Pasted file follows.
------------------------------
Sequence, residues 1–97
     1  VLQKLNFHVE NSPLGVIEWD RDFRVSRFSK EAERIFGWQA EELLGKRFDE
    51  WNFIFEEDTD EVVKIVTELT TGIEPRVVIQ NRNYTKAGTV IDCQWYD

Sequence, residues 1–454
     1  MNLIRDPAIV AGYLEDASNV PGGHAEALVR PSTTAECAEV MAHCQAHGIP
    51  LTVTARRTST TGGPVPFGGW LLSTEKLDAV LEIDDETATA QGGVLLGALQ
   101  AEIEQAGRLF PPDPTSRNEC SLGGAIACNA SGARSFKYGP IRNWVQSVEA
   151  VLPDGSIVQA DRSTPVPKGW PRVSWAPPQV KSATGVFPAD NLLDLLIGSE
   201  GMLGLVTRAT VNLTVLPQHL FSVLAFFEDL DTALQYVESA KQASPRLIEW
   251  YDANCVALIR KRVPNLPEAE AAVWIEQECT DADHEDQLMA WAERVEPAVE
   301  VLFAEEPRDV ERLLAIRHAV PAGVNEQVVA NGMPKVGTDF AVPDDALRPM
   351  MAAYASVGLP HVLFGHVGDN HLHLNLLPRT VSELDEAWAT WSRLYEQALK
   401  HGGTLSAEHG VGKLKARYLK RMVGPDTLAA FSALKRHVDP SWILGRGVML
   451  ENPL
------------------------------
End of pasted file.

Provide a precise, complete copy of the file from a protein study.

Sequence, residues 1–97
     1  VLQKLNFHVE NSPLGVIEWD RDFRVSRFSK EAERIFGWQA EELLGKRFDE
    51  WNFIFEEDTD EVVKIVTELT TGIEPRVVIQ NRNYTKAGTV IDCQWYD

Sequence, residues 1–454
     1  MNLIRDPAIV AGYLEDASNV PGGHAEALVR PSTTAECAEV MAHCQAHGIP
    51  LTVTARRTST TGGPVPFGGW LLSTEKLDAV LEIDDETATA QGGVLLGALQ
   101  AEIEQAGRLF PPDPTSRNEC SLGGAIACNA SGARSFKYGP IRNWVQSVEA
   151  VLPDGSIVQA DRSTPVPKGW PRVSWAPPQV KSATGVFPAD NLLDLLIGSE
   201  GMLGLVTRAT VNLTVLPQHL FSVLAFFEDL DTALQYVESA KQASPRLIEW
   251  YDANCVALIR KRVPNLPEAE AAVWIEQECT DADHEDQLMA WAERVEPAVE
   301  VLFAEEPRDV ERLLAIRHAV PAGVNEQVVA NGMPKVGTDF AVPDDALRPM
   351  MAAYASVGLP HVLFGHVGDN HLHLNLLPRT VSELDEAWAT WSRLYEQALK
   401  HGGTLSAEHG VGKLKARYLK RMVGPDTLAA FSALKRHVDP SWILGRGVML
   451  ENPL